For so many parents of Autistic children, the thought of that first year of Kindergarten can be terrifying and completely overwhelming. September of 2018 my soon to be five-year-old Autistic/SPD daughter will be starting her first year in Kindergarten. The same month my 12-year-old Autistic/ADHD son will be starting his first year in middle school. I’m so scared I’ve been having dreams about the first day. It’s only January and my mind is already going there.
Since I’ve enrolled and successfully integrated one of my special needs kids into Elementary School I thought I’d give out some tips to put your minds at rest. My son is in grade six, which means I’ve been dealing with the public school system for seven years now. Some of my past posts will inform you that it is not easy advocating for a special needs child in a public school system. Check out IEP’s, ISP’s, IHCAHN’s, BI’s….. w;ahienoya and That last first day set him up for failure for a small look into my dealings with the public school system.
One thing I have learned, once you find the school that is best suited for your child, register as early as possible. There is a high demand for good schools. Other parents will want to grab a spot, even if they aren’t in the catchment. Here in BC Canada registration opens up in February. I had a call two weeks ago with my daughter’s development worker about which school I wanted her in. The earlier you can secure a spot, the better. If the school knows that a special needs child will be attending in advance, it’s a lot easier for them to secure EA’s and make necessary adjustments. I’ve set up a date for my Little Miss Psychopath to tour the school, see her classroom and meet some of the staff shortly after registration.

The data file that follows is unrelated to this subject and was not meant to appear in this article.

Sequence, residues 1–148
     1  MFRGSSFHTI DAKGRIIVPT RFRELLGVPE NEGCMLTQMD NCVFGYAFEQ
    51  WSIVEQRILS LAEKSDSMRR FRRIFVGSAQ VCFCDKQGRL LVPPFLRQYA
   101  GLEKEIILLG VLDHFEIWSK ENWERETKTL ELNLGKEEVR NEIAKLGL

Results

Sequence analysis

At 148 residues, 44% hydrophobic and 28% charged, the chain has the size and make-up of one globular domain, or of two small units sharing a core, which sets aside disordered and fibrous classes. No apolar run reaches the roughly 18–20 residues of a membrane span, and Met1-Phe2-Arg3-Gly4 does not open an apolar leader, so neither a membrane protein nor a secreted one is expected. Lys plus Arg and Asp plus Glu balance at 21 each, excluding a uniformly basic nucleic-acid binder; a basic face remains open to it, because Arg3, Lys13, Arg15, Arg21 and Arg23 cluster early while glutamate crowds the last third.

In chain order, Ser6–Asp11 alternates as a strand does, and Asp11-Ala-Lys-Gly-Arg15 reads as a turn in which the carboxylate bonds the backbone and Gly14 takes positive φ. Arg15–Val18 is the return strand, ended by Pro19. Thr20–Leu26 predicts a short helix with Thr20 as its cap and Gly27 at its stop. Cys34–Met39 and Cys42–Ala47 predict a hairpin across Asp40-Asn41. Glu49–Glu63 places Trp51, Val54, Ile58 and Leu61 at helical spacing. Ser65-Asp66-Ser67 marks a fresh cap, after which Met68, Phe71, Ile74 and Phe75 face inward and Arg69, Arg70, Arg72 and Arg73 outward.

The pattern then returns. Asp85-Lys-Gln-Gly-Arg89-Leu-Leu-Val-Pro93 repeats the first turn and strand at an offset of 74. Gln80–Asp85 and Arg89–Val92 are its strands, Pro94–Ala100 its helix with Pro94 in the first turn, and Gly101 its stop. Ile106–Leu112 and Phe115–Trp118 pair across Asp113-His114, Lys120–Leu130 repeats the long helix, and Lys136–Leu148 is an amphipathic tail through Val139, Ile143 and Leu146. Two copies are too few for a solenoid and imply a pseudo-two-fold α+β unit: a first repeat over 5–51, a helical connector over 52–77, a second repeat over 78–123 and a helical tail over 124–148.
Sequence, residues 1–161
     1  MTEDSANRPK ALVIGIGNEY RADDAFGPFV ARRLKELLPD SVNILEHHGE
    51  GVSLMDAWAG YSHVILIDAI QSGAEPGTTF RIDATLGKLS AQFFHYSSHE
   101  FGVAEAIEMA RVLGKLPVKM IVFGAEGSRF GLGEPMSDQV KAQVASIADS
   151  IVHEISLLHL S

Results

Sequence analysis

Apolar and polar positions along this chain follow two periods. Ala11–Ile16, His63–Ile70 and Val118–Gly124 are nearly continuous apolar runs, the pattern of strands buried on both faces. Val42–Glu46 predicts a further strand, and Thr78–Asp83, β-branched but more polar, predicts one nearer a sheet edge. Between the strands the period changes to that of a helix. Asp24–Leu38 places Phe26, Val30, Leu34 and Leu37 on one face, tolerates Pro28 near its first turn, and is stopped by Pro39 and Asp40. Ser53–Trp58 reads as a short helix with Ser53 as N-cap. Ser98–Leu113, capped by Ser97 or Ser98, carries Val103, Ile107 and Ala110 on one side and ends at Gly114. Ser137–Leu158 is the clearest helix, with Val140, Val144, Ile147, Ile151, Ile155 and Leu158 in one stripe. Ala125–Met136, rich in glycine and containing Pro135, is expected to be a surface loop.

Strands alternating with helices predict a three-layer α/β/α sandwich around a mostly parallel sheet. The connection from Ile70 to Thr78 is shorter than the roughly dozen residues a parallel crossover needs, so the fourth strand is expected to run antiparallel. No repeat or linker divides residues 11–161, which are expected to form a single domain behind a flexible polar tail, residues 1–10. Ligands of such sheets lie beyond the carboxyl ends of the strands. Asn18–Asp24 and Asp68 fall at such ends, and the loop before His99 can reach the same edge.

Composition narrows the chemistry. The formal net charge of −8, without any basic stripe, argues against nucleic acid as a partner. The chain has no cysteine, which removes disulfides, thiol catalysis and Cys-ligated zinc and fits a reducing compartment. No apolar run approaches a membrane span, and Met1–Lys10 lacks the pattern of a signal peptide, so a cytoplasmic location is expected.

Meet The Student Services Teacher
It is so important to establish a relationship early on with the student services teacher and the principal. The SST is the person who will be helping you get your child what they need. They are the person you advocate too and work with to establish help and support within the school. Make friends and play nice with this person, but also stand your ground and make it clear early what you know your child needs. It is so helpful if you have some of your team, BI’s or workers, to attend your first meeting with the SST. It is much more supportive and easier to have someone who works with the child in other settings.
Prepare your child as much as you can. Especially if you know they don’t handle change well, and if they have a problem with switching tasks. Little Miss Psychopath has that initial pushback, so I’m well aware that the first day might be REALLY hard for her. She gets anxious about any type of change, so she is being prepared now in her therapy sessions for when she goes to Kindergarten next year. She even has anxiety about turning five because she knows it means starting Kindergarten soon.